Conflict is inevitable. We all have different experiences, beliefs and passions. There will likely be a moment where your ‘silver bullet’ of an idea collides with my hobby horse (most likely while I try to run you over). We have also likely struggled with how to navigate difficult issues where we disagree vehemently with those we love. Tim Muehlhoff, professor of communications at Biola University, has written a book designed to help us navigate difficult conversations. I Beg to Differ describes a process of communication which will take us out of ‘fight mode’ to dialogue
In part one, Muehlhoff describes the power of words, why conflicts occur, the necessity of managing your emotions, and the importance of spiritual disciplines for preparing us to respond to difficult conversations with grace and understanding. Several marriage books I’ve read have stated that better communication alone, equals better ability to fight. Muehlhoff goes beyond this by orienting us to approach each conflict (or potential conflict) with Christlike character. Part two outlines Muehlhoff’s essential method. In approaching difficult conversations, he proposes asking four questions:
- What does this person believe?
- Why does this person hold to that belief?
- Where do we agree?
- Where do we go from here?
These four questions enable us to listen with empathy, even where we find ourselves in fundamental disagreement. Throughout this section, Muehlhoff uses an example of a difficult conversation. He was asked by some friends to talk to their son Mark, a PhD candidate in Religious Studies who had walked away from the Christian faith of his upbringing. Muehlhoff’s conversation with Mark shows how asking these four questions helps foster a sdeeper and more fruitful dialogue. Finally, part three describes three case studies (marital disagreement about finances, disagreement over religion in the workplace, and confronting excessive video game use among teens).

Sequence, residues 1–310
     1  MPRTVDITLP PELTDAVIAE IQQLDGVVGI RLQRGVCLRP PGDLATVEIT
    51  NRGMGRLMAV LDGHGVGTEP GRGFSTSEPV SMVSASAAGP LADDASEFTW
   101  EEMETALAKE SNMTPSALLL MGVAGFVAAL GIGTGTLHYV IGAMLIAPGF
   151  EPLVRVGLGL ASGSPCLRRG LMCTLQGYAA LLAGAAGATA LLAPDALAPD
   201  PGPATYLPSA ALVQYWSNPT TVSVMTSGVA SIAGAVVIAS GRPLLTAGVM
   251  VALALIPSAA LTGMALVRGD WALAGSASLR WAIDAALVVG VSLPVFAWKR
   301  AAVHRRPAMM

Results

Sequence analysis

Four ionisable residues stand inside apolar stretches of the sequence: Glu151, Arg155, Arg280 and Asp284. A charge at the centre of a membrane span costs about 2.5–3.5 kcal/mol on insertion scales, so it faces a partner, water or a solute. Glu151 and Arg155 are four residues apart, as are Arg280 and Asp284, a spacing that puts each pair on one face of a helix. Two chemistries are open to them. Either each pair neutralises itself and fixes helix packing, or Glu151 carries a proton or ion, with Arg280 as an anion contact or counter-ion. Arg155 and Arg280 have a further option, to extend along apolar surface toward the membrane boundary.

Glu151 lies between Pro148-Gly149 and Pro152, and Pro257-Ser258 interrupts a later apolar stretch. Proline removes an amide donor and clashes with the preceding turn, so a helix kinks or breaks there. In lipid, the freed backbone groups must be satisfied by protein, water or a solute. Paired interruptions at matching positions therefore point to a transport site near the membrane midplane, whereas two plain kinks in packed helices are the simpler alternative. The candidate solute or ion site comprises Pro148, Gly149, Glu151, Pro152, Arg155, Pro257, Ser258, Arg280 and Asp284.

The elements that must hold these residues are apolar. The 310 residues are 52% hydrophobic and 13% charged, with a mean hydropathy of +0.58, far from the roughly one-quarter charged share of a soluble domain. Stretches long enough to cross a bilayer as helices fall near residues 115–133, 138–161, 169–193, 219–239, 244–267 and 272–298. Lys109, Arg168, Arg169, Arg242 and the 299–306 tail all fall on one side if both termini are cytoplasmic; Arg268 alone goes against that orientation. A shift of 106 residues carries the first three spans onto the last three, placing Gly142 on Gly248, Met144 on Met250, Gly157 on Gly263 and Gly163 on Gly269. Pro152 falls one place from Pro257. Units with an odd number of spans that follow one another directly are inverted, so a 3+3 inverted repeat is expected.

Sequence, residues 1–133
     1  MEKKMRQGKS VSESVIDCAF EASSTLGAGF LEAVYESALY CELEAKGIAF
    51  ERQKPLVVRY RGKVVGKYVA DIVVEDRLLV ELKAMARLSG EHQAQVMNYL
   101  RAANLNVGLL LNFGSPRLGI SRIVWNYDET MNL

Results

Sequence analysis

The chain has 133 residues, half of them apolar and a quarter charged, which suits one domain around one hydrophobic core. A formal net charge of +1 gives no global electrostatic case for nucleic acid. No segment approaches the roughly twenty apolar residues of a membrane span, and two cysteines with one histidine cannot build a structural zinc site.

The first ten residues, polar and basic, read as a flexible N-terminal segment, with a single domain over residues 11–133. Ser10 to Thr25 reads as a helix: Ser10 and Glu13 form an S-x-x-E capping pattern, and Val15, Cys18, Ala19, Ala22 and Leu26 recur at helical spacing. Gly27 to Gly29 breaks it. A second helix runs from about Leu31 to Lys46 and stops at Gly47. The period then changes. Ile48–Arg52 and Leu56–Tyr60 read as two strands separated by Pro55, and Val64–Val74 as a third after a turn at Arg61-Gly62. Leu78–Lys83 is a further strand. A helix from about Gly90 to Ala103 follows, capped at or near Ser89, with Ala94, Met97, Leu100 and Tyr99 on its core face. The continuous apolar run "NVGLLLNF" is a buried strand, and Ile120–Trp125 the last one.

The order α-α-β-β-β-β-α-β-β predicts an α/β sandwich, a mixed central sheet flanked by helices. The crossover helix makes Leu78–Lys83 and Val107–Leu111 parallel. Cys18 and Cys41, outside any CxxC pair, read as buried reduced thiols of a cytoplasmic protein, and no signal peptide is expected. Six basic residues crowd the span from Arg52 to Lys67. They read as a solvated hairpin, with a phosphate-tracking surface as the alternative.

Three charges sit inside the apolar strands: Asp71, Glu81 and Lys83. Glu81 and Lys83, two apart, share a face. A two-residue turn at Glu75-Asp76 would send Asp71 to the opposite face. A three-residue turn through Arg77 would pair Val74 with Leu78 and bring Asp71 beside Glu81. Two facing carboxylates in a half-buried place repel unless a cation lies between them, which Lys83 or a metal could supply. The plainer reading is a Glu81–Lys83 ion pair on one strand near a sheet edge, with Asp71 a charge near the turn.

There is no formula here for getting your own way and helping you prevail over your combatants as you take your stand. In many cases, we enter into difficult conversations with truth on our side (such as Muehlhoff’s conversation with Mark about his loss of faith). Sometimes Muehlhoff suggests working toward compromise (like in his case study on financial disagreement), but overall his advice is about retooling our approach. By listening for empathy and understanding we are no longer combatants. Our shift allows for a fruitful dialogue because we take the time to hear where the other person is coming from. This does not mean that we waffle on our firmly held convictions, but it does mean that we don’t outright dismiss the experiences of others.
Part two really is the ‘meat’ of this book, describing what Muehlhoff’s approach looks like; however what he says in part one helps us properly orient ourselves to conversation. I particularly appreciated his chapter on managing emotions during disagreements and his chapter on spiritual disciplines. If we are to speak graciously with our words seasoned with salt, we need to make sure we attend to our own emotional and spiritual health. I can point to times where my emotions and defective desires have poisoned the well of good conversation. Muehlhoff offers helpful and sound advice.
I recommend this book for people who are human. Yep, we will all face difficult conversations with others as we seek to love well and live well. Muehlhoff we seek to listen for understanding. I give this book five stars: ★★★★★
Thank you to InterVarsity Press for providing me with a copy of this book in exchange for my honest review.